The prosecutor addressed me, his back to a courtroom full of my peers, my friends, my family and Gladstone. The prosecutor spoke.
"Please state for the record your name."
"Sure. D to the-"
"Into the microphone, please." I leaned forward and tapped the small microphone a few times.
"Check. Check. Can you hear me in the back? One. Two."
"Yes, that's fine, now-"
"Three and to the four, Snoop D-O-B and Brockter Dre is at the door."
"Just your name, please," the prosecutor said.
"Ready to make an entrance, so back on up."
"That's plenty." The prosecutor again. Brockway stood up from his seat at the
"'Cause you know we 'bout to rip shit up."
"Order," the judge shouted, banging his gavel. For real, judges still use gavels. It'll always amaze me that, in 2009, where we have the Internet and indoor plumbing and spaceships, it's still acceptable for a respected official to express his opinion by bashing a giant, wooden hammer over and over again. It's not like I wave a giant sword around my head whenever I'm bored. I mean, I might now. I'm just saying if hammer-smashing is so socially acceptable, I should be able to swing a sword around or chuck some grenades when the mood strikes me.
"What do you have to say for yourself, Mr. O'Brien," the prosecutor asked. I paused thoughtfully.
"Mr. Prosecutor, Dr. Judge, members of the jury: I'm just saying if hammer-smashing is so socially acceptable, I should be able to swing a sword around or chuck some grenades when the mood strikes me." The courtroom was completely silent, except for Brockway who immediately chimed in with, "Seconded."
"Mr. O'Brien," the prosecutor began, "your time may be utterly worthless but, please keep in mind, the jury's time is not. You and Mr. Brockway have a lot to answer for. So? Start talking." I was at a loss. My entire strategy hinged on the fact that the prosecuting attorney would be a decent-to-attractive chick, so I could say, "More like proseCUTEST" as my opening and closing statements, with some very convincing push-ups thrown in between.
Since the prosecutor was, in fact, a man, my whole defense strategy was pretty much shot right to shit. I looked to Robert Brockway, the co-defendant in this case, and Michael Swaim, who was acting as our lawyer. They both looked very optimistic, so I got myself started.
"I guess I'll begin with the truth," I said.
"OBJECTION," Swaim shouted. Brockway shook his head violently.
"No," the judge said, "I'm... I'm going to allow the truth."
"Thank you, your honor-I-barely-know-her. So, it's like this. We've got this United States president elected, right? Tall guy. Hampton something-or-other. "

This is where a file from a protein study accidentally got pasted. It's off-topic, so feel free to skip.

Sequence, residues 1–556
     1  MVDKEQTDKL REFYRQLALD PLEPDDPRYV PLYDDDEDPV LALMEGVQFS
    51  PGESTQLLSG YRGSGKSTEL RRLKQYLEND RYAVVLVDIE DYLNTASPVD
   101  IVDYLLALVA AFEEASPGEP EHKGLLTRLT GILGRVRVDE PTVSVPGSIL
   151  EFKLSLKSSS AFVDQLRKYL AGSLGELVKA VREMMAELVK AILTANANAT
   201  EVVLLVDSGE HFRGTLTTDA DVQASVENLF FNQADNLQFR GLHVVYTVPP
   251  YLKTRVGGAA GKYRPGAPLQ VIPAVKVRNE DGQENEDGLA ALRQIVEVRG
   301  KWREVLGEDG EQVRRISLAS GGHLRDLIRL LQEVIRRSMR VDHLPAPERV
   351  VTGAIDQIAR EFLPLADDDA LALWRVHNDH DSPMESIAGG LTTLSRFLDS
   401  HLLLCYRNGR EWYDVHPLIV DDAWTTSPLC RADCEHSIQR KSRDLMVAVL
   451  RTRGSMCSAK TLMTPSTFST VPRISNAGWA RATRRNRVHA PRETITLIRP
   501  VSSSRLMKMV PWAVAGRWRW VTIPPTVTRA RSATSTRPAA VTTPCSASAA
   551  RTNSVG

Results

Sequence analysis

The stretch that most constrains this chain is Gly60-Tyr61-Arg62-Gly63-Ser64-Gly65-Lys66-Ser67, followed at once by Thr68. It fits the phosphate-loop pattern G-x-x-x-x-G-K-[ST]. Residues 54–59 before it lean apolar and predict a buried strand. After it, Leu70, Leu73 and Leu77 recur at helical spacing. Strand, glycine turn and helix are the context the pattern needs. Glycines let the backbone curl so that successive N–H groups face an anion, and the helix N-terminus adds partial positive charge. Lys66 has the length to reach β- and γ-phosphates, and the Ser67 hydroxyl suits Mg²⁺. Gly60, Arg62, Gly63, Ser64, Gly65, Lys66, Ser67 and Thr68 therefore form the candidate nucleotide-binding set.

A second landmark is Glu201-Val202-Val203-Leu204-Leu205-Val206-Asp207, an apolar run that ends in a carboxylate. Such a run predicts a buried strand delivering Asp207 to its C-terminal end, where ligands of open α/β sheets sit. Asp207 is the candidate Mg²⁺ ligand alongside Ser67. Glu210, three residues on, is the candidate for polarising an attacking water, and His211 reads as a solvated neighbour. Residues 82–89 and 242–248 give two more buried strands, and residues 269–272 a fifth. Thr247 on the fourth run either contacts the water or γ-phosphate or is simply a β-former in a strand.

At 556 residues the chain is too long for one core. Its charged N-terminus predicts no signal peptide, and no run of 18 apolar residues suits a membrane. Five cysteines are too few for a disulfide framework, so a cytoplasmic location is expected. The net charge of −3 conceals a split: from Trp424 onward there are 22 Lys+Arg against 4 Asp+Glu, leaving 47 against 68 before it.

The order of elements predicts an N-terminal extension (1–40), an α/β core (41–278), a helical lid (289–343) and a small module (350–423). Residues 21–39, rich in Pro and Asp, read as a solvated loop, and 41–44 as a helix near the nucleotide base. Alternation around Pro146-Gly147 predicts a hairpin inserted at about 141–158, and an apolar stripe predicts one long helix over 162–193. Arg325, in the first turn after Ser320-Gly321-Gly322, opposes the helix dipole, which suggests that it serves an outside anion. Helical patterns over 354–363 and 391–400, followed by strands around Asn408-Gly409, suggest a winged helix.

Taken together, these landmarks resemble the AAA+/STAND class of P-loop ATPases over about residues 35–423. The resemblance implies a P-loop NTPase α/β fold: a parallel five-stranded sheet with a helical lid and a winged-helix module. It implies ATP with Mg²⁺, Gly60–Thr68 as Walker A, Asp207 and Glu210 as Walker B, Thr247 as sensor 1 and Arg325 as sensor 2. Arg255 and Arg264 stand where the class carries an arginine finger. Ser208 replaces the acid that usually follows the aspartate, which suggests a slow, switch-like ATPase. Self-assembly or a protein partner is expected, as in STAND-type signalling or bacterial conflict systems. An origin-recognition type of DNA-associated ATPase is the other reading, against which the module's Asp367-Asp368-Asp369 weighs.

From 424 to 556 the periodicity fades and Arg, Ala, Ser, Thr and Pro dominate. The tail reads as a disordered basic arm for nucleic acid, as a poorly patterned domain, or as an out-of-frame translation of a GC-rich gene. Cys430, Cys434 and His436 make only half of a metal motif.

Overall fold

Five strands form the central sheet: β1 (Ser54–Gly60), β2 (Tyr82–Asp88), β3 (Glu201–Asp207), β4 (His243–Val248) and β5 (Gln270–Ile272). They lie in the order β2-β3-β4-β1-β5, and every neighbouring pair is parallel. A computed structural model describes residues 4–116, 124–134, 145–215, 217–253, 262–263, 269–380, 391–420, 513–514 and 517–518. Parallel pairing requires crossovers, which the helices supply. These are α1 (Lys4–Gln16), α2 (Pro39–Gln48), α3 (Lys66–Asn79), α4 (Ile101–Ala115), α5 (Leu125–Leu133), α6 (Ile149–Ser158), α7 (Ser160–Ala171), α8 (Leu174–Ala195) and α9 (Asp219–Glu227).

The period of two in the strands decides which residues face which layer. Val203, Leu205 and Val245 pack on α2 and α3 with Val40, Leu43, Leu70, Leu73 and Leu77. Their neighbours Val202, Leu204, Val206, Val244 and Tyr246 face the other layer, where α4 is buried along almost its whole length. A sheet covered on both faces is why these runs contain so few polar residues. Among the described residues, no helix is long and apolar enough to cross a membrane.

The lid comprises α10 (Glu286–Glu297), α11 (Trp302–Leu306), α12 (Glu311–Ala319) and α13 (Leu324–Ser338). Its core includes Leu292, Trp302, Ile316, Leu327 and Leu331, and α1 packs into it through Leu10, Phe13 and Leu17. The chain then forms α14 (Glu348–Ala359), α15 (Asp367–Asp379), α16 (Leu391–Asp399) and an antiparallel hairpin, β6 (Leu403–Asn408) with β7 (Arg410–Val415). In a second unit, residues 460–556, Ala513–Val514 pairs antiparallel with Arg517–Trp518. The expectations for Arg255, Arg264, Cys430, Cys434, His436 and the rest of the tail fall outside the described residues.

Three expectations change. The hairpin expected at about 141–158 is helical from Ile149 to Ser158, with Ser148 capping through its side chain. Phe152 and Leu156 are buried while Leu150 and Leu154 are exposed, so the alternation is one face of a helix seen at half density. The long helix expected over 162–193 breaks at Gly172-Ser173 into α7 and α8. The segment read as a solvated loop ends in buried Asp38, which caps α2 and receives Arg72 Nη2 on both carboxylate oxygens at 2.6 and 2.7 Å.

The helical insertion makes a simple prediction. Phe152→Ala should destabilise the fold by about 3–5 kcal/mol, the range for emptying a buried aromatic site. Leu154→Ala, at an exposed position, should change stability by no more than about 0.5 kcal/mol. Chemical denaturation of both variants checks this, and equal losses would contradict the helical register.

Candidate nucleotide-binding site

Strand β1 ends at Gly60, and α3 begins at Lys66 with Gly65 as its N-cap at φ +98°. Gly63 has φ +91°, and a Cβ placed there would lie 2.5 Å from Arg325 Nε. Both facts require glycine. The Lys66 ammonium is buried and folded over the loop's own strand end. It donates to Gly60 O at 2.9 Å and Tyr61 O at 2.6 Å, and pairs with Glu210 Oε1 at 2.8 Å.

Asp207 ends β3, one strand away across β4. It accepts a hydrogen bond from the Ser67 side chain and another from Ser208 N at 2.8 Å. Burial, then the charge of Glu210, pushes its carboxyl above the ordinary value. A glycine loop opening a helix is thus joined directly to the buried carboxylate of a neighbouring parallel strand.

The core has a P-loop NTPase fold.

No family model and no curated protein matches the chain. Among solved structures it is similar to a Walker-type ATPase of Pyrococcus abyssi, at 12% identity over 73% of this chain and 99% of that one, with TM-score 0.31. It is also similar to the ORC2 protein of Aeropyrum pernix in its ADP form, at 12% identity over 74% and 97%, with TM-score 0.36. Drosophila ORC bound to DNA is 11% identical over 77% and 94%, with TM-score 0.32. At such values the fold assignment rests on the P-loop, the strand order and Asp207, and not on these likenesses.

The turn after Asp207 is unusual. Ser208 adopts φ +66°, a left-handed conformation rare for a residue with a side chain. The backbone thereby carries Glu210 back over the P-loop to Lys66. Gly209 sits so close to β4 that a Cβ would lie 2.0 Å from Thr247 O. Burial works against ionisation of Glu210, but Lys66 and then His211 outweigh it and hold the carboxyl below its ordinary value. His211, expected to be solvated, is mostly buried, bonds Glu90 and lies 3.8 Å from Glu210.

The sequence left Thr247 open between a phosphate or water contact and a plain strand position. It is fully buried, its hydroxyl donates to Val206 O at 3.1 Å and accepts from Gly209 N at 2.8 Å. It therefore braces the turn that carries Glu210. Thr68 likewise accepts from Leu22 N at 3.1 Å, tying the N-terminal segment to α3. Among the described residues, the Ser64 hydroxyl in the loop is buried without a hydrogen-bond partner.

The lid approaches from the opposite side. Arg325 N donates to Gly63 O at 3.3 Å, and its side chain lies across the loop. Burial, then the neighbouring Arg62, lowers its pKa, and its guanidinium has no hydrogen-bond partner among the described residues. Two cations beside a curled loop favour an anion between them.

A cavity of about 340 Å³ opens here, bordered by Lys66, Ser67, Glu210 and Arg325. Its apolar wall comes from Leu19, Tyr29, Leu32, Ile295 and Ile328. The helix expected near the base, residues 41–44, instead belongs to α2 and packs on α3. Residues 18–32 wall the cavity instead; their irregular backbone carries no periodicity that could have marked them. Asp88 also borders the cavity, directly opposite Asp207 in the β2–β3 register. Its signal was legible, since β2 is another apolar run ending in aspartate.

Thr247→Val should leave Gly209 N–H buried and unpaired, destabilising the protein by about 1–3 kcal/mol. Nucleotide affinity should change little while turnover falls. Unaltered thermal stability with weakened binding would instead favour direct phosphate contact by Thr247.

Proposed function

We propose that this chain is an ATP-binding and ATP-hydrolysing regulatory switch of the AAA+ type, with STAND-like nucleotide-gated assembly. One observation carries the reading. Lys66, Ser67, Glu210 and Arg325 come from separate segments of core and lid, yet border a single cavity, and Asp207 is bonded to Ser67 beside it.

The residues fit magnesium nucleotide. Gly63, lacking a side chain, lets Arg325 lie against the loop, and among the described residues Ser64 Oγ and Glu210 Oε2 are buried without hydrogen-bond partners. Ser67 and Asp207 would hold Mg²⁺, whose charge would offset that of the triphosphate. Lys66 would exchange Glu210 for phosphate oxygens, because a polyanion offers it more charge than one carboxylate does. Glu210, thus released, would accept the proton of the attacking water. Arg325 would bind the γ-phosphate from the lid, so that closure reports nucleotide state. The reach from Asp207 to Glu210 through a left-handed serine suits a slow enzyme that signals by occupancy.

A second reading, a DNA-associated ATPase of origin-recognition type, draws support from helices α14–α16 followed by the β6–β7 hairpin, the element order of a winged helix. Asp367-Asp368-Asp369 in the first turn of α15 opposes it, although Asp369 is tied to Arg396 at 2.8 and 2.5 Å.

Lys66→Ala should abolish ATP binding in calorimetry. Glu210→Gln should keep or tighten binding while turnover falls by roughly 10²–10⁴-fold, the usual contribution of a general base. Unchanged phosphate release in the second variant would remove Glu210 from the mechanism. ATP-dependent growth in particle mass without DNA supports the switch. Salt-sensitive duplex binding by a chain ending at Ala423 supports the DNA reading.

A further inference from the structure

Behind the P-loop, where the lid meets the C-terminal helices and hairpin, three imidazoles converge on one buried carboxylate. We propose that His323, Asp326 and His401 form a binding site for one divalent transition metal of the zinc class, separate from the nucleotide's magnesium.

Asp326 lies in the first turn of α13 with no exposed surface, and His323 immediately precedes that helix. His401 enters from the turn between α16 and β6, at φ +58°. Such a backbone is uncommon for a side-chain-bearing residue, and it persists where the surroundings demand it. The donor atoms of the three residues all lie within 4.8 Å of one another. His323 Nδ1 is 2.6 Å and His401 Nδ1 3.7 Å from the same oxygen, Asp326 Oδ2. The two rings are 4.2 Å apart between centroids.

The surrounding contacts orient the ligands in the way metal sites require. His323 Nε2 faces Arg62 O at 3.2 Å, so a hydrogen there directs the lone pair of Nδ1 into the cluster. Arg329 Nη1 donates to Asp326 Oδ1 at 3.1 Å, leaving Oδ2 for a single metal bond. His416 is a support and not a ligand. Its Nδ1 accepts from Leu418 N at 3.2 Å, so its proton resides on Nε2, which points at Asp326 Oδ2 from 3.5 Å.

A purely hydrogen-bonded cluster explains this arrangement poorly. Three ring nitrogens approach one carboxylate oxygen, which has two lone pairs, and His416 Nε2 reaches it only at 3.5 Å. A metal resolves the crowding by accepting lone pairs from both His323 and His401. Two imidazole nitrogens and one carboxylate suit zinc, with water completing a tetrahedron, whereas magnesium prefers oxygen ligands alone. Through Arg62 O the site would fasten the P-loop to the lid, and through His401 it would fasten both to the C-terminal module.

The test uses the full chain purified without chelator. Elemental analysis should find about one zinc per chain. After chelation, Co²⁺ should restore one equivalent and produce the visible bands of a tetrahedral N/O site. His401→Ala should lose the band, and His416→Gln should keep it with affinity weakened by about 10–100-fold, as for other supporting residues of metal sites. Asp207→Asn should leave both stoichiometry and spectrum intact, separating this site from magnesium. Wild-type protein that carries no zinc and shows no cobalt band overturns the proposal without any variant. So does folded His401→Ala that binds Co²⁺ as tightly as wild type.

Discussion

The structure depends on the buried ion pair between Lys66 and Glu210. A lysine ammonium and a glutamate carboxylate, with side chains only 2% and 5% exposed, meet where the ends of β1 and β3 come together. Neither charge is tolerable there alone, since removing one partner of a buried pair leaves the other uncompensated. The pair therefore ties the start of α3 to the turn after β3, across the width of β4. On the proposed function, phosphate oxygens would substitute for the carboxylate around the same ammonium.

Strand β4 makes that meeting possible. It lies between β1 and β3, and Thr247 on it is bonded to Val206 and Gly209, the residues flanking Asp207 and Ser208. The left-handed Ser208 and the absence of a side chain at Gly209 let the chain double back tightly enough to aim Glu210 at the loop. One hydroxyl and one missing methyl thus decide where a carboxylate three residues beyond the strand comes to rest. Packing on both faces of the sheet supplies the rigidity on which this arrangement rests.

"Barack Obama," the prosecutor offered. I looked to Swaim and Brockway, who both shook their heads, agreeing with me that the prosecutor's clearly made-up name was some kind of trap.
"No, I think you're wrong about that. I'm pretty sure it's Hampton something. Anyway, he's elected president, and you know what that means."
"Why don't you elaborate, Mr. O'Brien."
"If, as you so kindly pointed out, Mr. Prosecutor, the jury's time is so important, I think I'd rather not waste it by saying what everyone's thinking. We all know what an Obama presidency means. The first year is almost up, so... you know." I lowered my head and raised my eyebrows, as if to say 'So... you know.' The prosecutor was not impressed.
"So, Obama is president. Is that why you and Mr. Robert Brockway stockpiled 800 firearms and 65,000 rounds of ammunition in the Cracked headquarters?"
"Well... well, yeah," I said. "But it's not like I'm the only one. According to that article that I somehow linked to in this spoken conversation, sales of guns and bullets have gone up considerably ever since Obama took office. Americans purchased two billion more rounds of ammunition than we normally do and, currently, gun sellers can't even produce enough ammo to meet the demand. We the people are literally buying bullets faster than bullets can be made."
"Yes, I understand that," the prosecutor said. "I clicked that link, same as everyone in this courtroom. I'm still a little confused."
"How can you be? Look, Prosecutor Face, the times are changing. This new world requires fast moves and bold actions. And sometimes that involves buying all the bullets."